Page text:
It’s becoming more popular to use geothermal while building new construction homes. Traditionally, you’d almost always outfit a house for an HVAC system — but energy conservation can be tricky when those appliances aren’t adjusted correctly. The solution is renewable energy.

There are projects popping up across the country that use geothermal energy. These alternatives are being implemented in entire communities as a way to mitigate upfront costs. This price tag of nearly $10,000 continues to be the largest deterrent for those who want to install sustainable energy systems.

Obstacles in the Way of Mainstream Geothermal Energy

What are other obstacles aside from cost preventing geothermal energy from becoming mainstream?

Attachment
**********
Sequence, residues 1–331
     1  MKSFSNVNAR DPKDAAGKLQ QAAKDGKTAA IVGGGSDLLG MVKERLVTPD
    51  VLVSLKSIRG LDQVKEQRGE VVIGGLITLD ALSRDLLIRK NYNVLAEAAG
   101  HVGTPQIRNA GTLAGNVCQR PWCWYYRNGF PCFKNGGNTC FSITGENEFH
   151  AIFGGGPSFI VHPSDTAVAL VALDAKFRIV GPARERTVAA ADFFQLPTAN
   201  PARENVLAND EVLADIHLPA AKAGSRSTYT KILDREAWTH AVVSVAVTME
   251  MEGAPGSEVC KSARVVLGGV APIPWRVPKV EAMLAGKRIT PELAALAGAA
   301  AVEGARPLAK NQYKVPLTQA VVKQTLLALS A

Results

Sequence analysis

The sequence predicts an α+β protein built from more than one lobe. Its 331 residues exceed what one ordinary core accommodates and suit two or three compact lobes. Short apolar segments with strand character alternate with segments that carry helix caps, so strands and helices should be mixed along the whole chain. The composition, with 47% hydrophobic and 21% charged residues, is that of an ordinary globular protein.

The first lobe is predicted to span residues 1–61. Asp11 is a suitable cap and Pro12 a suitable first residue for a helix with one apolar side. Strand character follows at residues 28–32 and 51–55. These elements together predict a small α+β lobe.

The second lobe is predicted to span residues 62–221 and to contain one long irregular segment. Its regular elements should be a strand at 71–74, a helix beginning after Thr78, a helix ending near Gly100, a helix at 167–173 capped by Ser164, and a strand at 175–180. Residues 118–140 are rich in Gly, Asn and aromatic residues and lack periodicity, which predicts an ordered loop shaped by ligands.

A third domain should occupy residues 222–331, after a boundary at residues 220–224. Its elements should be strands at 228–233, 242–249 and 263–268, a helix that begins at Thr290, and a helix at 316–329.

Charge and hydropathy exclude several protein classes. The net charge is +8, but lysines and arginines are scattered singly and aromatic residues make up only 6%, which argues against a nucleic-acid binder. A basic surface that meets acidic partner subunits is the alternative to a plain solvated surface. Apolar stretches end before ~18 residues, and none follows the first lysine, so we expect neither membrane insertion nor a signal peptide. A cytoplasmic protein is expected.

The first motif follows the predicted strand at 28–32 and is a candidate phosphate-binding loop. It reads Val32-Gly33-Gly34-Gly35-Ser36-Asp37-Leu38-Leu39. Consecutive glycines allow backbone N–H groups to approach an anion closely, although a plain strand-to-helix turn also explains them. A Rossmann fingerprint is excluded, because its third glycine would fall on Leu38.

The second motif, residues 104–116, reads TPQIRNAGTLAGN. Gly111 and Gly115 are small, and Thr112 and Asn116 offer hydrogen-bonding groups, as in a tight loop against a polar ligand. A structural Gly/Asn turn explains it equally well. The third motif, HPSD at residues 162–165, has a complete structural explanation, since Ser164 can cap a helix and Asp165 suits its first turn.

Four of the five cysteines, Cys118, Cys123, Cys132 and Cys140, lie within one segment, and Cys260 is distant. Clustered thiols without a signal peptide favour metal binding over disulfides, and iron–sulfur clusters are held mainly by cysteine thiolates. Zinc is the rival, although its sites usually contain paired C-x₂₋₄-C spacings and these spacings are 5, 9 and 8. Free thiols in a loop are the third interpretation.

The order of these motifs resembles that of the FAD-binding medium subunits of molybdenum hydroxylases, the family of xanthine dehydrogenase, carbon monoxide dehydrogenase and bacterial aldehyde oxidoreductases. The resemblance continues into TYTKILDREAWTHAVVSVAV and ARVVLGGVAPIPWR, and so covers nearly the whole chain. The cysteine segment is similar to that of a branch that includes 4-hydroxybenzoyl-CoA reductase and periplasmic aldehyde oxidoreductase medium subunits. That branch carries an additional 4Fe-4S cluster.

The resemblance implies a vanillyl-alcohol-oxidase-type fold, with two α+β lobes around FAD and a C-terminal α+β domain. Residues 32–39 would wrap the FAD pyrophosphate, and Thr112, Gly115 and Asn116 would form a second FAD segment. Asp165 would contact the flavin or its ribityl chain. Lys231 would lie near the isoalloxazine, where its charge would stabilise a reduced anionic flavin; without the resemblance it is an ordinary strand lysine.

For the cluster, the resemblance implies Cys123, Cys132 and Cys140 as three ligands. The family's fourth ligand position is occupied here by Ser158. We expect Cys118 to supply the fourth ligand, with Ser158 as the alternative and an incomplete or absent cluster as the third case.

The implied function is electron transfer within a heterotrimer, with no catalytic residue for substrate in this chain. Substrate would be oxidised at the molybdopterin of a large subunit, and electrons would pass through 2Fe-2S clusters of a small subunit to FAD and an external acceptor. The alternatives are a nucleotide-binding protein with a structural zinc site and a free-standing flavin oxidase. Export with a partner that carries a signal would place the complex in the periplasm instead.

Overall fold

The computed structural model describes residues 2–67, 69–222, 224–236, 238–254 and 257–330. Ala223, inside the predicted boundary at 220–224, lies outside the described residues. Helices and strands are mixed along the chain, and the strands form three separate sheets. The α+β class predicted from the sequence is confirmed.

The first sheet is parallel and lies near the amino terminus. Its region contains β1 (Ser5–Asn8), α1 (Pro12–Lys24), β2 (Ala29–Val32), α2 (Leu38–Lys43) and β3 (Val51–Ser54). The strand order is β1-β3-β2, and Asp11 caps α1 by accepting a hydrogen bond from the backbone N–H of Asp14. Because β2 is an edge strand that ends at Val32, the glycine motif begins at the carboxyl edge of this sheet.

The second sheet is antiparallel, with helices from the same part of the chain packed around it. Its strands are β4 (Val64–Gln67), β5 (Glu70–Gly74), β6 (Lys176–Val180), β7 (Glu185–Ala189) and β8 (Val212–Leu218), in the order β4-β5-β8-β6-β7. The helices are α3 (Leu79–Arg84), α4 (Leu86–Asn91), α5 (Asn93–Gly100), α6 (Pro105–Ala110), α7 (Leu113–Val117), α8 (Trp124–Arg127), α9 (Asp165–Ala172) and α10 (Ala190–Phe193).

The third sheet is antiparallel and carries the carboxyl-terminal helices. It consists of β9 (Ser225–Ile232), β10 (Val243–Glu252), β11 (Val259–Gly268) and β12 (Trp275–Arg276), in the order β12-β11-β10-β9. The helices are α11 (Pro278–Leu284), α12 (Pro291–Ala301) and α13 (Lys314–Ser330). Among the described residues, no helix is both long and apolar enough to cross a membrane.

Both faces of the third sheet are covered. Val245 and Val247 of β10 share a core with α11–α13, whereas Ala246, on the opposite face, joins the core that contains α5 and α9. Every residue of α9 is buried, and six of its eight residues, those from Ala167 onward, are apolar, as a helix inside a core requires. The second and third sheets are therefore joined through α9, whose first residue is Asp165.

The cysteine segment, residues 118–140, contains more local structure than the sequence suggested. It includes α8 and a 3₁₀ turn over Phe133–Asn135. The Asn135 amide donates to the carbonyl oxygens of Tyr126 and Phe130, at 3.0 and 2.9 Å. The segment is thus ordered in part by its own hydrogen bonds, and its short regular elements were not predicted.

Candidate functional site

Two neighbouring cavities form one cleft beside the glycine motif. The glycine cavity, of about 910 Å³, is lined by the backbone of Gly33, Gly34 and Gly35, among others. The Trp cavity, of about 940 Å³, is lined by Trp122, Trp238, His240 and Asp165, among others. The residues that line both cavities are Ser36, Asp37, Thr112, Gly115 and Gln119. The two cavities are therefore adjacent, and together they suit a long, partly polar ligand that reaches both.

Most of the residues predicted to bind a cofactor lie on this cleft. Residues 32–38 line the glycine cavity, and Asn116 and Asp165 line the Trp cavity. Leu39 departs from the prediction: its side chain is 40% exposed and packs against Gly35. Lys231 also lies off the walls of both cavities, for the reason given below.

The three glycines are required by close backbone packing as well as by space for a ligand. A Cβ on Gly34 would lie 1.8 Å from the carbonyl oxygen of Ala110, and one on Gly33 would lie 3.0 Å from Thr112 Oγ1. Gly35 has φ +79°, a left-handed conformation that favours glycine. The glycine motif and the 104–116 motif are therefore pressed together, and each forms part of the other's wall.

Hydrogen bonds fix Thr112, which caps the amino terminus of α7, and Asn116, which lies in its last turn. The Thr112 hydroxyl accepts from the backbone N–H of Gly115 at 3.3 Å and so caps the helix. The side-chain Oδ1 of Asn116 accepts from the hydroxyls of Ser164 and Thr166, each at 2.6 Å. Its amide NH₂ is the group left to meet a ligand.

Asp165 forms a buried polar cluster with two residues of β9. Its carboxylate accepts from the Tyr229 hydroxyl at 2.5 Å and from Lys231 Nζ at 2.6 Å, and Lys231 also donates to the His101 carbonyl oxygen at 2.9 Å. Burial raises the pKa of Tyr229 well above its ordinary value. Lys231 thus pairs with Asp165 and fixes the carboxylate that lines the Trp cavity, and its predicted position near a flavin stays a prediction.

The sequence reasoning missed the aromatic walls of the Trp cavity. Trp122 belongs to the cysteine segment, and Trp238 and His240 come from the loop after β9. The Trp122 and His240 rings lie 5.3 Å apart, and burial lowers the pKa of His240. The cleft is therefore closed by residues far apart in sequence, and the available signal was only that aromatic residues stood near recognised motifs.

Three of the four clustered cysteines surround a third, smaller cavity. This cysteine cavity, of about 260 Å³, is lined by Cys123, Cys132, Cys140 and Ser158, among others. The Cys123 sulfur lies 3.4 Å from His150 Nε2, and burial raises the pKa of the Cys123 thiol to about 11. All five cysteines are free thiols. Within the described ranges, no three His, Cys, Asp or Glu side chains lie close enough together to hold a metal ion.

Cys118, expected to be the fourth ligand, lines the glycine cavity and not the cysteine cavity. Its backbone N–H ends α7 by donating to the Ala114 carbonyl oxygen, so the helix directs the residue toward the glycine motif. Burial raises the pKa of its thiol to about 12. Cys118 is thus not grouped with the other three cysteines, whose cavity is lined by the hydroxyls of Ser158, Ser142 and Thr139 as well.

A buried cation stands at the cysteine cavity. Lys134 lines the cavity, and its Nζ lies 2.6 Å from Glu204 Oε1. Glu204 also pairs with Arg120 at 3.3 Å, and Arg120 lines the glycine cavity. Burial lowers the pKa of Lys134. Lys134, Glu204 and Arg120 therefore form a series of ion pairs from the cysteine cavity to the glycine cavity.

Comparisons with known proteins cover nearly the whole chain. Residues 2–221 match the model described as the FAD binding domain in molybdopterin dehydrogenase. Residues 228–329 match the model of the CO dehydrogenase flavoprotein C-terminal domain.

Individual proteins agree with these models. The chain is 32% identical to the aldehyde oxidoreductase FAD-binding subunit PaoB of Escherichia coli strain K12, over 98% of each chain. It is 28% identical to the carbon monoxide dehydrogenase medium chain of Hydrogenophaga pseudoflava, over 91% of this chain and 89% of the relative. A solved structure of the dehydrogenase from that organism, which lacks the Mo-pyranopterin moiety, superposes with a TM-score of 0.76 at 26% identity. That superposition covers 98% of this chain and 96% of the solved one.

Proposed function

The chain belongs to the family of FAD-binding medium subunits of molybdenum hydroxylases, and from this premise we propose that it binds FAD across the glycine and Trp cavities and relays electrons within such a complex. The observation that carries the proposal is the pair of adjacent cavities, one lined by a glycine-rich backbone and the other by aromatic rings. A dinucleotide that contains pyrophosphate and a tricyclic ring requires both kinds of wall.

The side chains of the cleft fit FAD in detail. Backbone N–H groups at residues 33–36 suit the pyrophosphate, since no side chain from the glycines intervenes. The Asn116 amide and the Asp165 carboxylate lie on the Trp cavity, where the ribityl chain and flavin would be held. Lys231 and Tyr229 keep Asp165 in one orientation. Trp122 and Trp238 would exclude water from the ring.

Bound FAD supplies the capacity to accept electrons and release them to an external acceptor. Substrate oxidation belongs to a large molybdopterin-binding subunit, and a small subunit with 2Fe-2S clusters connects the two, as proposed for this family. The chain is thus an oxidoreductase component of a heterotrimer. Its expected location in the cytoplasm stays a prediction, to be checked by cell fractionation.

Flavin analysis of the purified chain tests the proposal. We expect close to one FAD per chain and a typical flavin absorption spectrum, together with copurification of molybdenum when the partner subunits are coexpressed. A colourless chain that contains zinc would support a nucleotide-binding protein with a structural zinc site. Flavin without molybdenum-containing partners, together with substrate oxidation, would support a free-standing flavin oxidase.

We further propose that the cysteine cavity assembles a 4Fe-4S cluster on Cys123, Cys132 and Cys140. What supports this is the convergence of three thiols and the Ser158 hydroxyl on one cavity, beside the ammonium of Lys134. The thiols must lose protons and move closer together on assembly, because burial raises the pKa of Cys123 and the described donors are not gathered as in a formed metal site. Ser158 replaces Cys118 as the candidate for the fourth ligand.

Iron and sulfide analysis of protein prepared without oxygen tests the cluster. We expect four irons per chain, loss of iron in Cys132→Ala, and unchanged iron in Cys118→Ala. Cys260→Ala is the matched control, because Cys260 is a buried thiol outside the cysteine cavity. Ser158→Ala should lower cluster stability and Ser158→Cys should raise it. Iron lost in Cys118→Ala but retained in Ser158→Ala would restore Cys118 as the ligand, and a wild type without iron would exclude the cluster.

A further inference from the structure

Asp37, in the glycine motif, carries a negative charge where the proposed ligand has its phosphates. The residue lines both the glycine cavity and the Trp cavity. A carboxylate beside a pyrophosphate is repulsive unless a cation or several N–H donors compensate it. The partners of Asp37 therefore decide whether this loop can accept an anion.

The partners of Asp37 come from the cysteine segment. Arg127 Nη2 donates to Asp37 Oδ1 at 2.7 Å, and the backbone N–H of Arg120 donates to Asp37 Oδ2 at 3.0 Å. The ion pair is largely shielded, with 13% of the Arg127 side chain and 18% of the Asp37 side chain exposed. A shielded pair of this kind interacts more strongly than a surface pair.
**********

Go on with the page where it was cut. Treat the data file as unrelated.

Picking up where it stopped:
A significant hurdle is education. If you don’t know the benefits of geothermal energy, why would you advocate to install systems in your projects? Learning about the perks of renewable possibilities as a whole can ensure these alternatives become more popular. That goes for advantageous for the project, like less noise pollution, too.

Gearing the responsibility toward developers is also smart. The average homeowner will rarely choose to install a geothermal pump when they could put that money toward a kitchen remodel. By investing in this alternative as a builder, you can enjoy positive outcomes for years — even if you don’t see them immediately.

Land development is another consideration. There’s a lot of planning that goes into implementing geothermal for entire communities. Allocating space for geothermal grids like you would water lines is an effective way to get developers acquainted with this alternative energy. An integrated system will also help mitigate costs.